10 Reasons Why Black History Month 2016 Was The Blackest Black History Month In Black History


February 28th: Chris Rock hosts and roasts the Oscars while Black Hollywood celebrates its own

For the second year in a row, the Academy Awards failed to recognize the work of people of color in the main categories. Of course, we weren’t about to take this insult lying down. Black Twitter resurrected the #OscarsSoWhite hashtag and the battle was on.

Chris Rock, host for this year’s Oscars, was put in a tough spot. Instead of quitting, giving Hollywood the scathing rebuttal it deserves or going along like business as usual, Chris thought it would be best to make everyone uncomfortable with jokes that hit a little too close to home, coming for Jada Pinkett Smith and the rest of Hollywood, before finishing with the statement that Black people just want the same opportunities as everyone else.

But who needs Hollywood when you’ve got the love of your people? A new crop of awards shows emerged to give our artists their proper due. BET teamed up with the American Black Film Festival to create the ABFF Awards: A Celebration of Hollywood. Hosted by Mike Epps, the show gave praise to many up-and-coming actors and actress and living legends. Russell Simmons, living legend and opportunist, created the All Def Awards, dedicated to “celebrating the uncelebrated.” More of a party than a formal affair, the show was broadcast on the Fusion Network opposite the Oscars.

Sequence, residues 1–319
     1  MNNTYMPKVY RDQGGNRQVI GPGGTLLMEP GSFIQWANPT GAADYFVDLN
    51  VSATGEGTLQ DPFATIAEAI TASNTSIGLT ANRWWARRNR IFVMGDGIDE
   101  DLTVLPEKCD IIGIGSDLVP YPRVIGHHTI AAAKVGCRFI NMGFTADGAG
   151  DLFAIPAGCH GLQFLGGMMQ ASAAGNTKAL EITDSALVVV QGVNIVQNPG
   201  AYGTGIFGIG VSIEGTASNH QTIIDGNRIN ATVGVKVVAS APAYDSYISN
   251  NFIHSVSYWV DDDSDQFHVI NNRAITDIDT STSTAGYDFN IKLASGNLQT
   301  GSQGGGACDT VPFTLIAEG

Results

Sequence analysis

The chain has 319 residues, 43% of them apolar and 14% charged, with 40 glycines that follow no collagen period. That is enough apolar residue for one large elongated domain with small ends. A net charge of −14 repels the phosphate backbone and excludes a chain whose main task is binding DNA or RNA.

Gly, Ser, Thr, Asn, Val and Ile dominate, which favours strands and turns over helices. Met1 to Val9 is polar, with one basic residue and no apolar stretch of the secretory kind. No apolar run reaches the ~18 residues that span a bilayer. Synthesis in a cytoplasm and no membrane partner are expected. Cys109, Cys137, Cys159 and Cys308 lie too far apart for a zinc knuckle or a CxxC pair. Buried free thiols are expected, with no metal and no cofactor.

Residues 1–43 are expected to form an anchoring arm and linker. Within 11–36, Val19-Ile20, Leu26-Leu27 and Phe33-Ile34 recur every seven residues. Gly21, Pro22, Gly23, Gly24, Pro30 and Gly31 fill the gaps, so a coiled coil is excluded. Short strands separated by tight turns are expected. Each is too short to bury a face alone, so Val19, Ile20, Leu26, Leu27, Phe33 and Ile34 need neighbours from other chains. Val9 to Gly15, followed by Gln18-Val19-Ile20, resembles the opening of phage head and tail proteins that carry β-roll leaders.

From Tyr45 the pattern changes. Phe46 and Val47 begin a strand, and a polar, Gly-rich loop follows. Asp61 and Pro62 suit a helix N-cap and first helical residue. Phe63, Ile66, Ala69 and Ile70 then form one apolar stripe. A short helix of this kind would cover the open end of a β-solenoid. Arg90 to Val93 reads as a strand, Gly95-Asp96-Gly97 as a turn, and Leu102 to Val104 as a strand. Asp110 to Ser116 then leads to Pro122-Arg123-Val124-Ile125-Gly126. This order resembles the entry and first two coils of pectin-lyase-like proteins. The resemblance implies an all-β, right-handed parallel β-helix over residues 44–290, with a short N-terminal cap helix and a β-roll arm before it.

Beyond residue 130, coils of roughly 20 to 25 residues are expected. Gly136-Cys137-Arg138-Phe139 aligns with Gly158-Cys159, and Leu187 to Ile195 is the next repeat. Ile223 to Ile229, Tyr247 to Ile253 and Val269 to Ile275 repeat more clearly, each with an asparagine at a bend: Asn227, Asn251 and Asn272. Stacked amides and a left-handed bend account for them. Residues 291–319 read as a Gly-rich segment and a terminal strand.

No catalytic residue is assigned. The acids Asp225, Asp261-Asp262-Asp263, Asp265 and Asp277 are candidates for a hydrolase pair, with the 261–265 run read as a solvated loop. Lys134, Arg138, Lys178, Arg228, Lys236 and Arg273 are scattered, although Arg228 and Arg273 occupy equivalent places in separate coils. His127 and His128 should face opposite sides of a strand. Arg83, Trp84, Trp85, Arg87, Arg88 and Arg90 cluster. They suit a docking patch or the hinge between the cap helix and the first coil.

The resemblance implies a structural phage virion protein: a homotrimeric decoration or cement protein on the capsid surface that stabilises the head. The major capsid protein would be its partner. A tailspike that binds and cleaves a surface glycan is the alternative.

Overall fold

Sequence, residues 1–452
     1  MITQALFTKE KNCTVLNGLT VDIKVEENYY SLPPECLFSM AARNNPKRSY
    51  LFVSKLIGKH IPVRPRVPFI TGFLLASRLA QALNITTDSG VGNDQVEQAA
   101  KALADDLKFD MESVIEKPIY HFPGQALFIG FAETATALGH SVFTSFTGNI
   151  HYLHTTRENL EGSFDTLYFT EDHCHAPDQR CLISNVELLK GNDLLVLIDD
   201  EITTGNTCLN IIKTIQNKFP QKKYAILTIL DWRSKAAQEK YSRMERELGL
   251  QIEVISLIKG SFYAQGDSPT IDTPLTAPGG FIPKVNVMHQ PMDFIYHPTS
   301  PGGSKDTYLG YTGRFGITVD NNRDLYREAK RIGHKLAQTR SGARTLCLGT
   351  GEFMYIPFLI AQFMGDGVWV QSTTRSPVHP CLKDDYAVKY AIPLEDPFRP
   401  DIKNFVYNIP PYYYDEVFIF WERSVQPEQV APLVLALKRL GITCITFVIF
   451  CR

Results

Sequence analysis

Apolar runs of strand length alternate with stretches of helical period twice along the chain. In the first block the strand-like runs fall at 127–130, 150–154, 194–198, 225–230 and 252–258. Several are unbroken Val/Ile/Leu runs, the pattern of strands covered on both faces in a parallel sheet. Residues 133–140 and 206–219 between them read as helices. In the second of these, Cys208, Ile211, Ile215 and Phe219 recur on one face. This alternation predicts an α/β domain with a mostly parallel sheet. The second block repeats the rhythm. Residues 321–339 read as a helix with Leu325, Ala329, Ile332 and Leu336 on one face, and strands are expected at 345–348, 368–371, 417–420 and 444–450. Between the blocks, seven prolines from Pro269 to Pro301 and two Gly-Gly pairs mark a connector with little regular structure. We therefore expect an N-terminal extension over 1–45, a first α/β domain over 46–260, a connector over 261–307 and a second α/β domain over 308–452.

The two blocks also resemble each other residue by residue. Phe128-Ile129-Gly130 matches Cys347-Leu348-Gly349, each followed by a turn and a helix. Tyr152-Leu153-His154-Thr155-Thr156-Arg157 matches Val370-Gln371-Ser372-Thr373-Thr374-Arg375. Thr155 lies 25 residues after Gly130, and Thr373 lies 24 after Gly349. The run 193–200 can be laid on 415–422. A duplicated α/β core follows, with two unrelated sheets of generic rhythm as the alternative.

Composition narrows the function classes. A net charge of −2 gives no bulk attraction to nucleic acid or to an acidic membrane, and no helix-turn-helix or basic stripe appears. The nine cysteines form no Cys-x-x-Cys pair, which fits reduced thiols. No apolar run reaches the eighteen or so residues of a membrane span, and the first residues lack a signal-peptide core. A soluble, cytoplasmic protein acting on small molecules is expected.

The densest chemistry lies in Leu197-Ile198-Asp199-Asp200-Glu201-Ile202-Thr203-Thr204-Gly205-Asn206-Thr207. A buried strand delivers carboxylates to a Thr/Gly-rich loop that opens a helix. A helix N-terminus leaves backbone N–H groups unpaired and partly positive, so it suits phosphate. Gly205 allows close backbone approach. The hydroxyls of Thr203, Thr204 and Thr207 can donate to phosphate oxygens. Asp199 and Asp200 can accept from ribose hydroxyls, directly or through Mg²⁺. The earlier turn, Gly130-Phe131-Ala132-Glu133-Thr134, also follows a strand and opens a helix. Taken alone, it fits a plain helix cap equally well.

Of course, black folks honoring black excellence is nothing new. African-Americans have been giving shine to people of color for decades when others would rather we politely remain in the shadows. Whether you believe that the protest was warranted or that it was much ado about nothing, you have to admire the way black people came together to support their own. -- Ken Hamm

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